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Open AccessArticle

Should We Screen HIV-Positive Migrants for Strongyloidiasis?

Institute of Tropical Medicine, Department of Clinical Sciences, 2000 Antwerp, Belgium
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Author to whom correspondence should be addressed.
Pathogens 2020, 9(5), 388; https://doi.org/10.3390/pathogens9050388
Received: 17 April 2020 / Revised: 14 May 2020 / Accepted: 14 May 2020 / Published: 18 May 2020
(This article belongs to the Special Issue Prevalence of Strongyloidiasis and Schistosomiasis)
Background: Strongyloides stercoralis, a nematode endemic in all (sub)tropical regions, can cause life-threatening disease, especially in immunosuppressed patients. Many countries with high HIV-prevalence rates are also highly S. stercoralis endemic, and co-infection may occur. Methods: Retrospective study based on serological testing for S. stercoralis in all HIV-infected migrants followed at the Institute of Tropical Medicine, Antwerp, Belgium. If untested, serologic testing was performed on stored samples, dating from the first HIV viral load determination. The epidemiological, clinical and laboratory features of patients with and without strongyloidiasis were retrieved from the electronic medical files. Results: Of the 2846 HIV patients in active follow-up, 723 (25.4%) had a migration background. Thirty-six patients (5.1%) were diagnosed with Strongyloides co-infection, including 29 during their medical evaluation and seven retrospectively. Patients had a median age of 35.3 years (IQR 30.3–44.4), 28 patients (78%) originated from Sub-Saharan Africa and median time in Belgium was 3.5 years (IQR 0.8–5.7). Symptoms compatible with strongyloidiasis were present in 17 (47%) patients, of whom two were diagnosed retrospectively. Eosinophilia (eosinophil cell count > 450/µL) was observed in 19 (53%) participants. Median CD4 level was 386 /µL (IQR 299–518) at diagnosis of co-infection. Of note, 8 (22%) patients with strongyloidiasis had no reported symptoms nor eosinophilia. None of the patients developed hyperinfection syndrome. There were no differences in age, gender, geographic origin, clinical presentation, CD4 level or viral load between patients with and without strongyloidiasis. Only eosinophilia was strongly correlated with the presence of Strongyloides in multivariate analysis (OR 10.74 (95% CI 5.19–22.25), p < 0.001); the positive likelihood ratio (LR+) of eosinophilia for strongyloidiasis was 5.38 (95% CI 3.66–7.91). Conclusion: Strongyloidiasis was diagnosed in 5.1% of HIV-infected migrants. Eosinophilia had good confirming power for the presence of the disease. However, a sizeable proportion (22%) of co-infected individuals were asymptomatic and had normal eosinophil count, supporting universal screening of all HIV-positive patients native to tropical countries. View Full-Text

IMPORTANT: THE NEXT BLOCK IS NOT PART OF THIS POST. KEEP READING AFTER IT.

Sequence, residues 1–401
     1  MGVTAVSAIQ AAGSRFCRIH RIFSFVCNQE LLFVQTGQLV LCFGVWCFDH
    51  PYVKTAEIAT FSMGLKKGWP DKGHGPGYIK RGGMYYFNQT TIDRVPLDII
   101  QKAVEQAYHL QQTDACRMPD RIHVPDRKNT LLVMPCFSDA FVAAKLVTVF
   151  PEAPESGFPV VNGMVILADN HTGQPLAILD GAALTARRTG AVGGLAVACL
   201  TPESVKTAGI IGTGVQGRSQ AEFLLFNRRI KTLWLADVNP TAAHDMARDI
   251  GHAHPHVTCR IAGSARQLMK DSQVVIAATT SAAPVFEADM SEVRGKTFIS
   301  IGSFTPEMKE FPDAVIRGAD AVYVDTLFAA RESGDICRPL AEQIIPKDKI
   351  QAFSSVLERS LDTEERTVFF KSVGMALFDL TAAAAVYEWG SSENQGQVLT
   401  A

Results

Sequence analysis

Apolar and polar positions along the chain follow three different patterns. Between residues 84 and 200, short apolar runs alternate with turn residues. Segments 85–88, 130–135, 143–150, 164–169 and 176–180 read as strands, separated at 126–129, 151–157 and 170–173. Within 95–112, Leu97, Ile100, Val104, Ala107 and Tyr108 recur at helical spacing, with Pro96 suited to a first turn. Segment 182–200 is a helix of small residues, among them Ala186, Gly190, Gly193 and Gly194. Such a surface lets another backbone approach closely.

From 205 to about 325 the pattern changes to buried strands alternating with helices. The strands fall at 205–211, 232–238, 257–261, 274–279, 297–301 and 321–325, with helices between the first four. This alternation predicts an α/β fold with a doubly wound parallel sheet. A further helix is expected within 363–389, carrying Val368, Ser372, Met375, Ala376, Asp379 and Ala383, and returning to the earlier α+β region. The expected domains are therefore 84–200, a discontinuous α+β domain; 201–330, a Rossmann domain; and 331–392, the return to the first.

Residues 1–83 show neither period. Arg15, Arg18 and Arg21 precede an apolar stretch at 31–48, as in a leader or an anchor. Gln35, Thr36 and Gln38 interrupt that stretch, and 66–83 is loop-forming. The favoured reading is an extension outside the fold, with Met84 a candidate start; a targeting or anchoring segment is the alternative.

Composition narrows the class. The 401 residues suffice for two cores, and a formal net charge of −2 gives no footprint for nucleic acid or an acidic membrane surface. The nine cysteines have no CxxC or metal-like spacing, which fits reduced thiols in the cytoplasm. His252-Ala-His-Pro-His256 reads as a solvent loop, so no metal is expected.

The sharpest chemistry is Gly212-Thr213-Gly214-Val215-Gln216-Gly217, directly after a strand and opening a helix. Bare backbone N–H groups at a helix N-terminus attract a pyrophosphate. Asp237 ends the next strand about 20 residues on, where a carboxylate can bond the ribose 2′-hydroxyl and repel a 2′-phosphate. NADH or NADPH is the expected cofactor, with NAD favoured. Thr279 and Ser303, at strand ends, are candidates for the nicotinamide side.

Keywords: strongyloidiasis; HIV infection; migrants strongyloidiasis; HIV infection; migrants
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Theunissen, C.; Bottieau, E.; Van Esbroeck, M.; Tsoumanis, A.; Florence, E. Should We Screen HIV-Positive Migrants for Strongyloidiasis? Pathogens 2020, 9, 388.

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